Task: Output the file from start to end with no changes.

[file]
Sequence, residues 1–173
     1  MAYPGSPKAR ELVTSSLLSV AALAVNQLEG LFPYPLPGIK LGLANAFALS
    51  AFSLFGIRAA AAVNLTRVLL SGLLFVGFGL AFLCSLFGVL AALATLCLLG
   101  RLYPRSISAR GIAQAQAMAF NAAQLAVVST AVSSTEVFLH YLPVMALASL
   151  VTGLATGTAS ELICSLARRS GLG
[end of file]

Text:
Sequence, residues 1–173
     1  MAYPGSPKAR ELVTSSLLSV AALAVNQLEG LFPYPLPGIK LGLANAFALS
    51  AFSLFGIRAA AAVNLTRVLL SGLLFVGFGL AFLCSLFGVL AALATLCLLG
   101  RLYPRSISAR GIAQAQAMAF NAAQLAVVST AVSSTEVFLH YLPVMALASL
   151  VTGLATGTAS ELICSLARRS GLG